You also said in our email exchange, Context is as crucial as the performers and the instruments being used. Are there any environments that you have a particular love or appreciation for, or do they all have their own innate qualities that are in some way or otherwise pleasing or enjoyable?
RD: Well I think certain environments are just a joy to be a part of, where one can spend long durations and work in a leisurely way. But I think at the same time, sometimes quite harsh environments can be quite exhilarating, but you have to work in a way that is dictated more by the conditions… You have to work much faster.
SL: What are some environments which fit that description that you've been in?
RD: That fits the latter description?
RD: Well I think somewhere that is very cold, or very wet…
SL: So the West Coast?! *laughs*
RD: *laughs* Well, I suppose it is often very wet! Unless you've got somewhere to retreat to and you're able make spontaneous excursions…
But I think the opposite would be…
I mean years ago I did this session and spent several hours in a National Park in Sydney Harbor, which was just the most relaxed space. I ended up making these quite long-form recordings, really focusing on the environment changing very slowly over time. But I think if you're crouched on a windy, rocky escarpment somewhere, chances are you're not going to spend a great deal of time there! *laughs*
I don't know if that answers your question or not. Sometimes it is a real effort and you just have to put up with discomfort for a while, and it can be rewarding.
SL: How did you come to be recording in Sydney? What was that experience like? What were you expecting to find there?
RD: I lived in Sydney for four years until 2004. This was musically a very formative time. So now I have many friends and colleagues there, and have had occasion to visit for musical engagements. At the time I made several recordings – around 2012 I think – I was interested in encountering soundscapes very different from those where I live in Ōtautahi. So this presented a very convenient opportunity to do so.
SL: In relation to your work, where the human component of making a recording, to the extent that it is a composition, is so important, how do you feel about the way of working where one just sets a microphone, hits record, and leaves the scene?
Where does that sit along a spectrum of field recording or environmental recording as compositional activity?
RD: One of the things I find very fascinating about that is what happens when you set it up and then go away for a while and come back and listen to the recording – however long that might be, hours – and it is possible that something astonishing may have taken place that could not have been witnessed had the recordist stayed there. And then to that point, I guess the musical involvement you might have, the compositional part, I suppose it has already started because you have decided to go there in the first place, but there is the whole editing process, temporal framing, if you like. Or maybe other things as well. Other post-production processes that might be compelling.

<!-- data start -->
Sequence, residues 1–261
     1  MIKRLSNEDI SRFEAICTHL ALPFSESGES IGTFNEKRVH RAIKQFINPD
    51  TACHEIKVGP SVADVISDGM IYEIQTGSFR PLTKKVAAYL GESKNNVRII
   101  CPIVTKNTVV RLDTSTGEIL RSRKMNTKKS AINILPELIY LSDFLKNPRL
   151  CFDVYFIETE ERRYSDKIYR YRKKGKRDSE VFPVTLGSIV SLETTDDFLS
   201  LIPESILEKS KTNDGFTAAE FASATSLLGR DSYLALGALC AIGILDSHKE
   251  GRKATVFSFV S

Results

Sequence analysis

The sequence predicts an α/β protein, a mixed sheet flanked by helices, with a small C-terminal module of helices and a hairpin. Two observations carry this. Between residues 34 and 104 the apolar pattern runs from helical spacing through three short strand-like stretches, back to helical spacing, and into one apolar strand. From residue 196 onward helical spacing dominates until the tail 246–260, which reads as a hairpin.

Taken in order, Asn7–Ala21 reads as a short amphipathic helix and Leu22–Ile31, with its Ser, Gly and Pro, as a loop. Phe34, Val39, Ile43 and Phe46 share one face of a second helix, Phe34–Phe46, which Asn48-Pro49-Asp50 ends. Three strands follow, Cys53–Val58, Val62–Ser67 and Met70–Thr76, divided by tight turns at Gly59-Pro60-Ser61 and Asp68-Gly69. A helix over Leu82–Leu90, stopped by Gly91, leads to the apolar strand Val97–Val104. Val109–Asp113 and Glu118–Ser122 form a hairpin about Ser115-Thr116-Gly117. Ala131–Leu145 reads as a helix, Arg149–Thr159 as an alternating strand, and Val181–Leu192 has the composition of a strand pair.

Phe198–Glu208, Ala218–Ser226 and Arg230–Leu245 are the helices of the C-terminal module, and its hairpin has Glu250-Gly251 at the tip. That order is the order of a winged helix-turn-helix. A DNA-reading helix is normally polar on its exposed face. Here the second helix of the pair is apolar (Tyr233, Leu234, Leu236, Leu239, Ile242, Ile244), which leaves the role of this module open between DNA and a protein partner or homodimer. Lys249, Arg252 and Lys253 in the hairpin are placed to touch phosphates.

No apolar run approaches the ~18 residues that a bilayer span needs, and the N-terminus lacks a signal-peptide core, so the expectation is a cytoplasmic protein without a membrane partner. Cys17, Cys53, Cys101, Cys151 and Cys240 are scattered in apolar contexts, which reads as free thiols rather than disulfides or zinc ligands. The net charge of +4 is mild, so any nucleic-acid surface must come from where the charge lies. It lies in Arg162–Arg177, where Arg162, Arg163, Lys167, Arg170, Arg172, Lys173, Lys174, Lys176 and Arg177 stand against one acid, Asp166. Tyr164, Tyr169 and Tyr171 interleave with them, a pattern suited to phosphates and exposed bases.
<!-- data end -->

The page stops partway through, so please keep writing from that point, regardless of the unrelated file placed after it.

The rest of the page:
SL: What are some common post-production processes for you and your work?
RD: Well, for example, I once took such a recording, and what happened during that time was that a cicada came, and it must have been very close indeed to one of the microphones because I got this very crisp cicada recording. I was recording at a very high sample rate because I had wondered if this might happen, and it did because there were many cicadas about, and then I slowed it down to about a quarter of the original speed. So what I ended up with was still clearly a cicada, but slowing it down slightly sort of made it, ahhh, it made it a slightly more abstracted piece… Quite hypnotic in a way – there was a sort of repetition, but not quite a perfect repetition. And sometimes it would stop for a moment and then start up again.
So I suppose that is an example of post-production as a compositional action, but it is prefigured in the recording by the high sample rate.
SL: It is interesting because what we are talking about this leads me to consider a quality of field recording, as an artistic practice, that I am very interested in, and that is the tension that a recordist/composer is always negotiating between a referential representation and abstracted representation of a space, right?
This really is an abiding interest of mine, and it seems to me to always be at play when one is making these sorts of recordings, whether it is a function of the type of equipment you're using or the ideas one wishes to explore with the work. When I talk about the type of equipment here, I only mean to say that if you have very decent equipment you have a better chance of making something referential – that has reasonable fidelity in relation to the original environment and accurately reproduces certain sounds – as compared to a shitty dictaphone which might introduce loads of hiss or noise and that sort of thing, at which point you begin with less of a chance to make a highly referential recording and what your likely ending up with is more abstracted (though, of course, a dictaphone has its own particular charm!).
But all of this is a creative choice, right? And it goes to artistic intent because there are many qualities about each “type” or recording that one might wish to employ. Are these the sort of things you consider? Is equipment important to you?
RD: I think that equipment can give you particular choices sometimes, or make particular choices available. Because, for example, when bringing very very low level, ambient or fragile sounds into the foreground of a recording, for example, having a very clear dynamic recording equipment is very important for such a thing.
SL: Do you have a favourite piece of equipment? Or something that has been particularly important to your work?